SEARCH BLOG: WEATHER
There may be more to this story. We'll give NCDC a chance to respond.
I was going through the 2009 records at the National Climatic Data Center and noticed that there were no new all-time low monthly records set during January 2009. That seemed curious to me because I recalled reading this:
By Giselle Goodman, Maine Portland Press Herald - Maine Today
The National Oceanic and Atmospheric Administration, U.S. Geological Survey and Maine State Climate Office announced today that a minus-50 reading in northwestern Maine held up to scientific scrutiny. That beats Maine’s old record of 48 below zero set in 1925 in Van Buren, and ties the record for coldest temperature recorded in New England. That reading was made in 1933 in Bloomfield, Vt.
The record on New Hampshire’s Mount Washington is minus -47. Maine’s minus-50 reading was made on Jan. 16 at a remote site along the Big Black River near the Quebec border as the region was in the grip of a blast of arctic air.
By the way after a thaw this week, cold air will return starting Friday to the nation. Watch for lots of cold and snow probably the rest of the month.
See story here. Don’t expect it to receive a lot of national media coverage.So I checked back to some older NCDC news and found this as part of the January 2009 NCDC overview:
Several minimum temperature records were set this month (see below), including a pending new state record minimum of -50°F (-45.3°C) recorded on the 16th at Big Black River, ME.Apparently that confirmed record may have been tossed along with another one in Illinois which was disallowed because it wasn't an "official" site, but had been calibrated the day before.
I've written to the NCDC for some clarification. The first quarter reporting seems to be missing data from thousands of stations, so it is possible that the Maine station data wasn't added in. There are about 185K to 190K stations reporting each month. Last January had about 150K, February dropped way down to about half of normal at 92K, and March was up to 148K. April showed a recovery to 177K and by May the full complement of around 190K stations were reporting... or included in the reports.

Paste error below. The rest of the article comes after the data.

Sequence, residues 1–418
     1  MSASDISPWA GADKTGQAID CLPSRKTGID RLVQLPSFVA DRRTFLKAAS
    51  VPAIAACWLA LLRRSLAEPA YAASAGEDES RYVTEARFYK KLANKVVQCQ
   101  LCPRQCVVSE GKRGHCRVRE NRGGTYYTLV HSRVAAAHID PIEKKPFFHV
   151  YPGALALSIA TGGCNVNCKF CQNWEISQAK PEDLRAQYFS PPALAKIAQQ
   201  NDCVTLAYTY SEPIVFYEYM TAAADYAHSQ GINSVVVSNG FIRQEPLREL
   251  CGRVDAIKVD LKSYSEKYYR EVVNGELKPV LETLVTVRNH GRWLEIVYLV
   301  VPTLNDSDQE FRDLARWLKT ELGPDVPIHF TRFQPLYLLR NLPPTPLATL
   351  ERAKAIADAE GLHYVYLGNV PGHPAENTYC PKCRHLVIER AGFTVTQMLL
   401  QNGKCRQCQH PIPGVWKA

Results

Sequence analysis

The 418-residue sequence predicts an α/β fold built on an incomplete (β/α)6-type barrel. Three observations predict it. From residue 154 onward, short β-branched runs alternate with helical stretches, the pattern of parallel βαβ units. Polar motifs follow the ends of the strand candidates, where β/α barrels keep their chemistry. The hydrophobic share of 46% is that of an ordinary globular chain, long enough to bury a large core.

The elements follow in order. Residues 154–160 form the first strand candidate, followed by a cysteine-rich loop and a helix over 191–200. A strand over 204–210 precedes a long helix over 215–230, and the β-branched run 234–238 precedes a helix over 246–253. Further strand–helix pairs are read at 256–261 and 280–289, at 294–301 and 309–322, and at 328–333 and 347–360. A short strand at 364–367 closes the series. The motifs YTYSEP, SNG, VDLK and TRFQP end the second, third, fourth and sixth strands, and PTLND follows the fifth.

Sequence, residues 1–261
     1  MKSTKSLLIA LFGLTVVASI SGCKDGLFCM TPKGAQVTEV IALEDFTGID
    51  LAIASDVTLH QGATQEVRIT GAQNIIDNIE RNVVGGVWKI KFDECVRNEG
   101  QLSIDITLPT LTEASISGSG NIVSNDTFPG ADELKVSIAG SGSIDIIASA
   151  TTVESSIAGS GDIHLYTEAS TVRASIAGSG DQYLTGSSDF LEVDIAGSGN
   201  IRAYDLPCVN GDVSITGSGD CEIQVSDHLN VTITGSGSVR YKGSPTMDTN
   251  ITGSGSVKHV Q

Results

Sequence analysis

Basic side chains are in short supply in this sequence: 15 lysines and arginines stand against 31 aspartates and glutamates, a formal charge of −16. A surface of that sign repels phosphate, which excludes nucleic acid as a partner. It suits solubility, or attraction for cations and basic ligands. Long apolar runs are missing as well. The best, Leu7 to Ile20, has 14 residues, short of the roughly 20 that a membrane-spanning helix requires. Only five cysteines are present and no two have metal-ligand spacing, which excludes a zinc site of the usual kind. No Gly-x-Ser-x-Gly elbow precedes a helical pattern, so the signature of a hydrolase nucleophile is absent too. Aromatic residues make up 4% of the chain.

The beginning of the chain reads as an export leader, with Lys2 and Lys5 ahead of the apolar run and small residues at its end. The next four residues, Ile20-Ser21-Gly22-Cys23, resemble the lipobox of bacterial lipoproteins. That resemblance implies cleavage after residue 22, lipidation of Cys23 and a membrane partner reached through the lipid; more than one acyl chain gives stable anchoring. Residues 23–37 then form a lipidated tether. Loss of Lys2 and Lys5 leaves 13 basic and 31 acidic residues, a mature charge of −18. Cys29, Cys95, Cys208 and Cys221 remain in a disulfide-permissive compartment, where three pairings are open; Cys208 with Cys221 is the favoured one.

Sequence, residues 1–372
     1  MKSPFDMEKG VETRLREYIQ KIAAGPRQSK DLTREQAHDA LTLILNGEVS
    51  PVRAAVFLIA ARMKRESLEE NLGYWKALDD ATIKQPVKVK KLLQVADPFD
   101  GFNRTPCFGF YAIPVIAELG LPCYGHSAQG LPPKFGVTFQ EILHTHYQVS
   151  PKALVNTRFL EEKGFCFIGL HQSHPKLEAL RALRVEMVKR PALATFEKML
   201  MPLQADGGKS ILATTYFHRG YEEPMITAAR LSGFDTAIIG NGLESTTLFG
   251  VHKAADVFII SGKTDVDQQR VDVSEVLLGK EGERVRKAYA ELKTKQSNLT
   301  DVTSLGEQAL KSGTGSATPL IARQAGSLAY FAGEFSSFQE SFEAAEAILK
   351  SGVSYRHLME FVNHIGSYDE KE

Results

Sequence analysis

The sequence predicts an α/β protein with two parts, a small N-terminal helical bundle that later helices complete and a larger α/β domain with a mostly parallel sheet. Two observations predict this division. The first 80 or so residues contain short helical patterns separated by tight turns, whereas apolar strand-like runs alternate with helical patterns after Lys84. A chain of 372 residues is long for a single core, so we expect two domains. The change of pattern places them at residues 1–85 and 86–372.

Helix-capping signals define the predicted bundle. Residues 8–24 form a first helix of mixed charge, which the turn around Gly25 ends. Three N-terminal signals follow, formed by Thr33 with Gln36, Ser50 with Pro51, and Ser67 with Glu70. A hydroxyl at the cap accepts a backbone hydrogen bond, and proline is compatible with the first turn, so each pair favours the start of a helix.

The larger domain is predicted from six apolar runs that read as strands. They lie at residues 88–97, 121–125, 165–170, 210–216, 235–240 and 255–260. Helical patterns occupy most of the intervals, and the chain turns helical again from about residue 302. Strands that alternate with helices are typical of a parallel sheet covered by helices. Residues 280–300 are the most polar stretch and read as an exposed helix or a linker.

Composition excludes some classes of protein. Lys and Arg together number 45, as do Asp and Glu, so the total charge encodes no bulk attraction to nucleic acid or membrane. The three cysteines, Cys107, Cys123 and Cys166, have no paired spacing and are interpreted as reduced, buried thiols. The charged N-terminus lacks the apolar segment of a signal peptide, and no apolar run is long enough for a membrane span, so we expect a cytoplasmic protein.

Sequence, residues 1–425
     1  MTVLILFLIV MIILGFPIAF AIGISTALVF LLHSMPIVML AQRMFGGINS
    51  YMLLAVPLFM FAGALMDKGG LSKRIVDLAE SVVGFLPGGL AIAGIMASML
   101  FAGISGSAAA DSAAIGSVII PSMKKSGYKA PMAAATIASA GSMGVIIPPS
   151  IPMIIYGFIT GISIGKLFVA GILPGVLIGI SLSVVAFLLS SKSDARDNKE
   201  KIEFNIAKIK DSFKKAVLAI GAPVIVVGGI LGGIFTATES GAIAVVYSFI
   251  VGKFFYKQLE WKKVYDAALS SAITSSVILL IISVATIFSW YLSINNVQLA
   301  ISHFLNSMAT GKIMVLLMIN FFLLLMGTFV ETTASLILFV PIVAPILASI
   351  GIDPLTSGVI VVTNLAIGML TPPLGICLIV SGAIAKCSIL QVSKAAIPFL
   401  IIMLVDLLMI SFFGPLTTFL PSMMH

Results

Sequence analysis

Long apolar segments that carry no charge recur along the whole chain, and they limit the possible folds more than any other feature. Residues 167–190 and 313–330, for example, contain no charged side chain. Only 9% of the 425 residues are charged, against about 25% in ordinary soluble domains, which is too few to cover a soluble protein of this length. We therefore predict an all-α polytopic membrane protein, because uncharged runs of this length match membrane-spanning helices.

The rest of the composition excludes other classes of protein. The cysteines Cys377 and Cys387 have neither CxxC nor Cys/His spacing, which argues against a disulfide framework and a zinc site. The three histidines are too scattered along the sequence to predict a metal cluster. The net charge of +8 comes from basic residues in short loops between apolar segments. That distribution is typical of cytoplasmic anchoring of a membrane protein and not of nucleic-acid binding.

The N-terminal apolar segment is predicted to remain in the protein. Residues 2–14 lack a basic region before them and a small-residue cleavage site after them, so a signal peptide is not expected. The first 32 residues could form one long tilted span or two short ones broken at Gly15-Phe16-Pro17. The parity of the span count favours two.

Of course, you all remember how cold last winter was... don't you? Well, I don't have the data, but it was. When an organization is dealing with as much data as is generated for the U.S. weather... much less global weather... it is reasonable to expect occasional glitches. I have no indication that there is any "East Anglia-ing" with the data. This seems to be a systemic problem for a period of months. But it should be corrected if possible.
By the way, it also appears that the October and November 2009 monthly all-time record high temperature data may have an issue. There were exactly the same number of reporting stations... 186,578... for both months. While that may seem reasonable, it is generally not the rule with the NCDC records which usually vary by a few thousand each month. It seems more likely that October records may have been input for November as well which could certainly overstate temperatures.
Odd, but I seem to recall another distraction around the end of November or early December when these records were run.
I'll let you know what the NCDC response is when I get it.